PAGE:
Active surveillance is a structured surveillance strategy with curative intent.7 It is now the recommended management strategy for men with low-risk disease (prostate-specific antigen [PSA] level of less than 10 ng/mL and ISUP 1 [Gleason score 3 + 3] and Clinical stage T1–T2a) who would be eligible for local treatment.8−10 Randomised trials have demonstrated that radical treatment of low-risk prostate cancer with surgery or radiotherapy does not confer a survival benefit compared to treatment with systemic treatment at the onset of progression/metastases and exposes patients to the morbidity of treatment.4 The results of long-term active surveillance cohorts have shown very high disease-specific survival in these men who have been managed conservatively.4 The clinical assumption underpinning active surveillance is that the estimated risk of disease progression to metastasis or cancer related death is low. Active surveillance is an ‘active’ process, in that the patient undergoes regular checks (three- to six- monthly), which might include measurement of PSA blood tests, digital rectal exams and repeat imaging with an magnetic resonance imaging (MRI) as well as interval prostate biopsies to assess for cancer progression.11 If there is evidence of disease progression based on these tests (tumour grade progression or growth on biopsy, PSA doubling time greater than three years or a shift in patient preference for definitive treatment), active treatment might be recommended because the risk of cancer progression is higher with intermediate- and high-risk disease and therefore a larger survival benefit can be gained by treatment.7,9,11 Patients with disease features that suggest either higher probability of sampling error or risk of progression (family history of lethal prostate cancer; BRACA1/2 germline mutation carries), or high levels of anxiety, might still be offered therapy up front even though they only possess low-grade disease on biopsy.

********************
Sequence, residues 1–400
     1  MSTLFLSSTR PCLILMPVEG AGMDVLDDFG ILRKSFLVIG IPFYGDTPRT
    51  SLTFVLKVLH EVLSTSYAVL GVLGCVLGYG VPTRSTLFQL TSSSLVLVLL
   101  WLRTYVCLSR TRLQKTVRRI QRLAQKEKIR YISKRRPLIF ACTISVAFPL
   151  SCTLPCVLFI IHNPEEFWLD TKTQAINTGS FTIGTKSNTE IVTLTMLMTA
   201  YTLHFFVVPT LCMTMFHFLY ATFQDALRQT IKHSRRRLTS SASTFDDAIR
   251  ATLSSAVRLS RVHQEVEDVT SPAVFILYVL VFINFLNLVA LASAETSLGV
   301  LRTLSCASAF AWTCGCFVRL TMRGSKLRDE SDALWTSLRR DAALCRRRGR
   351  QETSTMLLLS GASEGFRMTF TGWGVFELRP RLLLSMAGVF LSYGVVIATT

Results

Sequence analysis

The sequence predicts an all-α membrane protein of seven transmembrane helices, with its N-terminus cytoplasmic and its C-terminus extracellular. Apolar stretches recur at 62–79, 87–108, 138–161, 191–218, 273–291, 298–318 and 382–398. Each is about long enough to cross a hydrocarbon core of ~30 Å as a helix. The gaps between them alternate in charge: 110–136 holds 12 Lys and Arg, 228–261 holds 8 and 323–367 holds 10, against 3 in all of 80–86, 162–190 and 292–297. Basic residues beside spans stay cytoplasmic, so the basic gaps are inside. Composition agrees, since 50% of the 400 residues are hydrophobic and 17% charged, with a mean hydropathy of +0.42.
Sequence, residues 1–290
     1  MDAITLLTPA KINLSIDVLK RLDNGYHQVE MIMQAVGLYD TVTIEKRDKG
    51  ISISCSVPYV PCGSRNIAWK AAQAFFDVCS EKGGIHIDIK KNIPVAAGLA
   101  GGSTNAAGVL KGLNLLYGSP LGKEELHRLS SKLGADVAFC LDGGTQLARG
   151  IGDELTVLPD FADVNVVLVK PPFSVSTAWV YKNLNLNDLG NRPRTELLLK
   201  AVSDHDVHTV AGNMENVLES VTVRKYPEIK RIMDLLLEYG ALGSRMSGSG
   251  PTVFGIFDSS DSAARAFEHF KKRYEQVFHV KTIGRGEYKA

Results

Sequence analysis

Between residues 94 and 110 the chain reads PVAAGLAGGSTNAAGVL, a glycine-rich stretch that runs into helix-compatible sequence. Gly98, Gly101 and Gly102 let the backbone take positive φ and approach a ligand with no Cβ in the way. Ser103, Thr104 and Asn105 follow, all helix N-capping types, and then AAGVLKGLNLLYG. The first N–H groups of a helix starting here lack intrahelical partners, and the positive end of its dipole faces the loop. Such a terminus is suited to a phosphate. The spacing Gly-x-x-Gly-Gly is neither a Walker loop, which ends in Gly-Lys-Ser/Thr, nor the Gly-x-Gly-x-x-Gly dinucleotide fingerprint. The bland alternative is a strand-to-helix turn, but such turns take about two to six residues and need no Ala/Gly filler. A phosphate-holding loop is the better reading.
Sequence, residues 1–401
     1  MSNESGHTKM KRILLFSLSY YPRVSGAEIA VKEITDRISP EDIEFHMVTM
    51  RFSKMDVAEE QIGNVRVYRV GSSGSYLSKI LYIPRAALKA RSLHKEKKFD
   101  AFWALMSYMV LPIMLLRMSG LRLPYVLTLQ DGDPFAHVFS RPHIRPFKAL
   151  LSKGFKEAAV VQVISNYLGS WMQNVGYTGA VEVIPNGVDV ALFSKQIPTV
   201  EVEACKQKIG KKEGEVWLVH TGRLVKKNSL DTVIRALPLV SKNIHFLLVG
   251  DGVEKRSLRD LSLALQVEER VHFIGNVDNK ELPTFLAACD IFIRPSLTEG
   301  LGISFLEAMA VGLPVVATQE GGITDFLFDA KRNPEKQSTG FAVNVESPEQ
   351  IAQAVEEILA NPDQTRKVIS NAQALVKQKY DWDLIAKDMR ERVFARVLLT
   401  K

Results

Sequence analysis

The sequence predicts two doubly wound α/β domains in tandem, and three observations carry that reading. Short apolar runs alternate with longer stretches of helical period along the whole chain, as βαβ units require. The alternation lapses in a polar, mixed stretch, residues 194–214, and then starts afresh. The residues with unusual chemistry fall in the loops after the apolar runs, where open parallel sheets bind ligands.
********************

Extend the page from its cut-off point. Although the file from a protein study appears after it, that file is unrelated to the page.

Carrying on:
Active surveillance in favourable intermediate risk disease

Oncological outcomes for favourable intermediate risk prostate cancer are similar to low-risk disease (10-year metastasis-free survival [MFS] 95.5% vs 99.5%; 10-year prostate cancer-specific survival 94.4% vs 98.2%).3 As such, patients with low-volume ISUP 2 (defined as less than three positive systematic cores and less than 50% core involvement or another single element of intermediate-risk disease) can be considered for active surveillance. Stringent active surveillance is essential given the potential higher risk of progression, development of regional or distant metastases and death of this group compared with patients with low-risk disease. Current European Association of Urology (EAU) guidelines state that if repeat non-MRI-based systematic biopsies reveal greater than three positive cores or 50% core of ISUP 2 disease, patients should be actively treated.7 However, in reality, surveillance cut-offs are often based on anxiety, there are inconsistent active surveillance treatment protocols and precocious shift to definitive treatment is common.12